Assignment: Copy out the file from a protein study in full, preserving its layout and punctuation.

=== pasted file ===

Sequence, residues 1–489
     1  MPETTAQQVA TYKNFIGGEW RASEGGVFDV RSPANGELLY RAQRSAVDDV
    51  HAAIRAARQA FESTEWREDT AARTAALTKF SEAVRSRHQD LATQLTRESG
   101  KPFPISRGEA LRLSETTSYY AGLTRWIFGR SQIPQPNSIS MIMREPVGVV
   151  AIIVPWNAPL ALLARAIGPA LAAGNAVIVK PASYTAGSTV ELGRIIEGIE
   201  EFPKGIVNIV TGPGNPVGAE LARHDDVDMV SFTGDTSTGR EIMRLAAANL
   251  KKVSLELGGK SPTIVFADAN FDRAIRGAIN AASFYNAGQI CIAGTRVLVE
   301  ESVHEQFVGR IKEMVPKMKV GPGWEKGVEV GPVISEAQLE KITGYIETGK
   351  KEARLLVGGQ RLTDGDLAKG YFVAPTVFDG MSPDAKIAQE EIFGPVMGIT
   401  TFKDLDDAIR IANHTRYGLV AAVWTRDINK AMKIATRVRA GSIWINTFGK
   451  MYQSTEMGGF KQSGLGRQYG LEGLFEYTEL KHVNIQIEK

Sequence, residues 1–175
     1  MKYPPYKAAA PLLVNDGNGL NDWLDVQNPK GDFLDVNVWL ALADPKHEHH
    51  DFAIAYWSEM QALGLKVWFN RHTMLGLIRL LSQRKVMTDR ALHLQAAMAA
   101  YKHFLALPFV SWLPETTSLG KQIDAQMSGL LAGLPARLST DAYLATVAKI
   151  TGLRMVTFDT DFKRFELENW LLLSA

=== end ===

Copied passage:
Sequence, residues 1–489
     1  MPETTAQQVA TYKNFIGGEW RASEGGVFDV RSPANGELLY RAQRSAVDDV
    51  HAAIRAARQA FESTEWREDT AARTAALTKF SEAVRSRHQD LATQLTRESG
   101  KPFPISRGEA LRLSETTSYY AGLTRWIFGR SQIPQPNSIS MIMREPVGVV
   151  AIIVPWNAPL ALLARAIGPA LAAGNAVIVK PASYTAGSTV ELGRIIEGIE
   201  EFPKGIVNIV TGPGNPVGAE LARHDDVDMV SFTGDTSTGR EIMRLAAANL
   251  KKVSLELGGK SPTIVFADAN FDRAIRGAIN AASFYNAGQI CIAGTRVLVE
   301  ESVHEQFVGR IKEMVPKMKV GPGWEKGVEV GPVISEAQLE KITGYIETGK
   351  KEARLLVGGQ RLTDGDLAKG YFVAPTVFDG MSPDAKIAQE EIFGPVMGIT
   401  TFKDLDDAIR IANHTRYGLV AAVWTRDINK AMKIATRVRA GSIWINTFGK
   451  MYQSTEMGGF KQSGLGRQYG LEGLFEYTEL KHVNIQIEK

Sequence, residues 1–175
     1  MKYPPYKAAA PLLVNDGNGL NDWLDVQNPK GDFLDVNVWL ALADPKHEHH
    51  DFAIAYWSEM QALGLKVWFN RHTMLGLIRL LSQRKVMTDR ALHLQAAMAA
   101  YKHFLALPFV SWLPETTSLG KQIDAQMSGL LAGLPARLST DAYLATVAKI
   151  TGLRMVTFDT DFKRFELENW LLLSA